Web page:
Still, extra money never hurts. “It’s marginal revenues that add up here and there,” says Kaitlyn Maloney, a consultant with the education-research firm EAB. Hosting weddings is just one of many noneducational “auxiliary” services that schools make money off of. Most conventionally, colleges collect fees from dining halls, bookstores, and parking facilities, among other things.
But there’s money to be made elsewhere. Research conducted by the Rpk Group suggests that campus spaces are used only for about a third of the time they’re available, and it’s not uncommon for colleges to rent them out for, say, concerts, conferences, bar and bat mitzvahs, and, yes, weddings. Many schools have even offered up vacant dorm rooms to visitors, Airbnb-style, mostly over the summer, but sometimes during the academic year, too. Others have gone as far as building campus-run hotels or retirement communities whose elderly residents can pay to audit courses.
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Pine Manor College, a private liberal-arts school outside Boston that has struggled financially, exemplifies this sort of creative thinking: In addition to hosting private weddings and other events at its well-appointed Dane Estate, Pine Manor rents out parking spaces to members of the nearby cricket club and contracts with movie studios that want to film scenes on its 50-acre wooded campus. Thanks in part to revenue sources such as these, “financially, we’re headed back up,” said Bill Blanchfield, who oversees special events for the college, when I visited the campus a few months ago.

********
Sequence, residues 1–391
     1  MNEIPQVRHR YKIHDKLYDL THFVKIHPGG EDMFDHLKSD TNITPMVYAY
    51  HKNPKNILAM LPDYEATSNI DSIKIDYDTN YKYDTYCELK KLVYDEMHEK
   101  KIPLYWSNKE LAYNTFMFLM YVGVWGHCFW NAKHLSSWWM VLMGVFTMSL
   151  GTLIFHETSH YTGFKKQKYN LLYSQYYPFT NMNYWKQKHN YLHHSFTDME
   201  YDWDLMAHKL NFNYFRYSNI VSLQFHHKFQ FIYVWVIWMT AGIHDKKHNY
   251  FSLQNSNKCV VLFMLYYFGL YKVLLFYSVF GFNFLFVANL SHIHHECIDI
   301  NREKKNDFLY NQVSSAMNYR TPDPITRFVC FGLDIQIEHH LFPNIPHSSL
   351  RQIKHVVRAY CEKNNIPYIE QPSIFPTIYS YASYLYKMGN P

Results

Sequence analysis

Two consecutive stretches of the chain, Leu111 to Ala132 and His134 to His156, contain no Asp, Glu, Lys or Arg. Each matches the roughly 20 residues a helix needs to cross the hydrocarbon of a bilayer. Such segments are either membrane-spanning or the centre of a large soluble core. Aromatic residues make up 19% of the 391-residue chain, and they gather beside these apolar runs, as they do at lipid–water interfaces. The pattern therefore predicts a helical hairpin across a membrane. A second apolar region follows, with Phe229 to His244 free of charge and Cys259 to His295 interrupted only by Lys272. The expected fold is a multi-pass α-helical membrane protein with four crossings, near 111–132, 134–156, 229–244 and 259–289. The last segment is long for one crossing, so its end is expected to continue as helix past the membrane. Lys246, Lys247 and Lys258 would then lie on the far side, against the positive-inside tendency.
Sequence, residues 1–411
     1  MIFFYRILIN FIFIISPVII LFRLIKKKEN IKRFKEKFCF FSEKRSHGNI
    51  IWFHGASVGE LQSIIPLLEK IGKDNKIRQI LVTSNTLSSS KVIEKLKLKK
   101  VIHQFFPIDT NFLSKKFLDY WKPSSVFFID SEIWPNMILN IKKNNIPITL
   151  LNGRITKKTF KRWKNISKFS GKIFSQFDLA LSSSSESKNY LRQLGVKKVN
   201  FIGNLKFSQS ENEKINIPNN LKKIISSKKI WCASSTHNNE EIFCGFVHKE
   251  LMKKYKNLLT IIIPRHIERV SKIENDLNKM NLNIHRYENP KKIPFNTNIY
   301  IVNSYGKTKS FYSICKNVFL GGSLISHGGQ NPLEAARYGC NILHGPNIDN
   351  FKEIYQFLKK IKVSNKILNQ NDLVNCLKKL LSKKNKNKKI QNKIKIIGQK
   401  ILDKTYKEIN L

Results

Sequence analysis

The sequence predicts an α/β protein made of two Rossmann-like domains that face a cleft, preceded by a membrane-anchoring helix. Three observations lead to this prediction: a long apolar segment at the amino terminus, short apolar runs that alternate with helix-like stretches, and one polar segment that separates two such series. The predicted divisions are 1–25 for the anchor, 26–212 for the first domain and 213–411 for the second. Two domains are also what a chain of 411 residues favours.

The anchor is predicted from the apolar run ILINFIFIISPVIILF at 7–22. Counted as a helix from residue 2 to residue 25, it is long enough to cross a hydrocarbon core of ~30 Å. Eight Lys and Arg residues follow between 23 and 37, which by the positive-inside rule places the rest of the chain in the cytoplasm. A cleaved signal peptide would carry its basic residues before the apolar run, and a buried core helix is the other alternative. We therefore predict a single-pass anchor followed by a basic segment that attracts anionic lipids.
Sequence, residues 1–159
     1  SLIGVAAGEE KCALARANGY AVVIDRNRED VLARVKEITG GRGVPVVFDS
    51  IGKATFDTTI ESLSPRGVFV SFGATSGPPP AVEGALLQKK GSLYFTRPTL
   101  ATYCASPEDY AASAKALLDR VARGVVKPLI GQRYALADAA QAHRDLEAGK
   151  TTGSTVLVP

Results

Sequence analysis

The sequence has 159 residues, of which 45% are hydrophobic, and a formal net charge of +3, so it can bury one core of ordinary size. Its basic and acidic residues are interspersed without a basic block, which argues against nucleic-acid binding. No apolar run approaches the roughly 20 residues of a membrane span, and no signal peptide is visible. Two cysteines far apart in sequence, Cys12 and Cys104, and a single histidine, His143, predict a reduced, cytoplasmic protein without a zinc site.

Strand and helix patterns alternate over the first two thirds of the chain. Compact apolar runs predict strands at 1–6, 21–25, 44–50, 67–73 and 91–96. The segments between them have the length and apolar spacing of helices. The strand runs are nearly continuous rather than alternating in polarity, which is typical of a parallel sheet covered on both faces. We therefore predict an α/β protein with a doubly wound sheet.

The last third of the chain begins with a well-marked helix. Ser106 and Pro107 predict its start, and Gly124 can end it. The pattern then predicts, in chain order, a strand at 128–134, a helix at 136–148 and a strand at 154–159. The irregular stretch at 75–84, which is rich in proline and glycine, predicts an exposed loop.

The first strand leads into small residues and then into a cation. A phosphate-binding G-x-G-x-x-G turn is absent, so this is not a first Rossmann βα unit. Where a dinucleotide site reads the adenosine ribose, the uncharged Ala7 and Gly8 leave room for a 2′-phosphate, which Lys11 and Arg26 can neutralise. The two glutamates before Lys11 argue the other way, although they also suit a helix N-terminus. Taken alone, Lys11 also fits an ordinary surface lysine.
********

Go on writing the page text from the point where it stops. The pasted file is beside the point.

In a survey of hundreds of colleges’ business officers earlier this year, four in 10 identified facilities rentals as an especially promising alternative source of revenue. The money generated from auxiliary services (including the modest proceeds from wedding-venue rentals) accounted for much of the uptick in revenue at research and graduate-degree-granting universities in the decade leading up to 2013, according to an analysis from the American Institutes for Research, a nonpartisan think tank.
Even if putting on wedding ceremonies doesn’t bring in a ton of money, it does give colleges some free PR, by luring attendees—some of whom may be unfamiliar with the school—to campus. And when alumni are the ones getting married, Maloney says hosting ceremonies is a way for a college to strengthen their affinity to the school, which might help with fundraising. Relatedly, in casual conversations, several students who’ve witnessed weddings taking place on campus told me those fleeting encounters reminded them how special their college was.
As colleges think about how to maximally monetize their land, resources, and facilities, there is, of course, a risk that they will lose sight of their central goal of serving students. This may be a risk with some entrepreneurial initiatives—for example, investing in a college-run media enterprise or “research park” that fails to produce the expected revenue and thus takes away from the funds that schools could otherwise spend on students. But weddings on campus seem to be a simple, harmless, and wholesome way to give both parties what they want: Colleges get a little money, and couples get a pleasant venue.